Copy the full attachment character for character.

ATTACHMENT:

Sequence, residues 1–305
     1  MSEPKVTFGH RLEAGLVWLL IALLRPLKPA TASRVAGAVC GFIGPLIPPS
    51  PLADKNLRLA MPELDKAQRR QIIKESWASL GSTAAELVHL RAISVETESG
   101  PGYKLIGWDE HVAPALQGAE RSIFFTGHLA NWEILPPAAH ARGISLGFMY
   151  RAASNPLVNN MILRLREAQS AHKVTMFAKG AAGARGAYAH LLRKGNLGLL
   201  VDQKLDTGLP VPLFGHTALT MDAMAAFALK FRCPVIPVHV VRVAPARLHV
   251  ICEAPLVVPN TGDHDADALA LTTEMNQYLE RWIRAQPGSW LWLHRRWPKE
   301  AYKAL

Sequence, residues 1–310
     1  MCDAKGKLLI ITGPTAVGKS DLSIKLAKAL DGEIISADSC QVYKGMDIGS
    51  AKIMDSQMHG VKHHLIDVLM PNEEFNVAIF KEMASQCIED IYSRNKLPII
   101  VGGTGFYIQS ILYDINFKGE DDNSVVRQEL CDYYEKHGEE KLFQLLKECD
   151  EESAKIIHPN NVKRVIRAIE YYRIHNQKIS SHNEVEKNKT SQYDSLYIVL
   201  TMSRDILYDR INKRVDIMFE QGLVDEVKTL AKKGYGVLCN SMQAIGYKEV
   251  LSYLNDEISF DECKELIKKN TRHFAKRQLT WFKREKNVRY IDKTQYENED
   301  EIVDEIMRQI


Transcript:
Sequence, residues 1–305
     1  MSEPKVTFGH RLEAGLVWLL IALLRPLKPA TASRVAGAVC GFIGPLIPPS
    51  PLADKNLRLA MPELDKAQRR QIIKESWASL GSTAAELVHL RAISVETESG
   101  PGYKLIGWDE HVAPALQGAE RSIFFTGHLA NWEILPPAAH ARGISLGFMY
   151  RAASNPLVNN MILRLREAQS AHKVTMFAKG AAGARGAYAH LLRKGNLGLL
   201  VDQKLDTGLP VPLFGHTALT MDAMAAFALK FRCPVIPVHV VRVAPARLHV
   251  ICEAPLVVPN TGDHDADALA LTTEMNQYLE RWIRAQPGSW LWLHRRWPKE
   301  AYKAL

Sequence, residues 1–310
     1  MCDAKGKLLI ITGPTAVGKS DLSIKLAKAL DGEIISADSC QVYKGMDIGS
    51  AKIMDSQMHG VKHHLIDVLM PNEEFNVAIF KEMASQCIED IYSRNKLPII
   101  VGGTGFYIQS ILYDINFKGE DDNSVVRQEL CDYYEKHGEE KLFQLLKECD
   151  EESAKIIHPN NVKRVIRAIE YYRIHNQKIS SHNEVEKNKT SQYDSLYIVL
   201  TMSRDILYDR INKRVDIMFE QGLVDEVKTL AKKGYGVLCN SMQAIGYKEV
   251  LSYLNDEISF DECKELIKKN TRHFAKRQLT WFKREKNVRY IDKTQYENED
   301  EIVDEIMRQI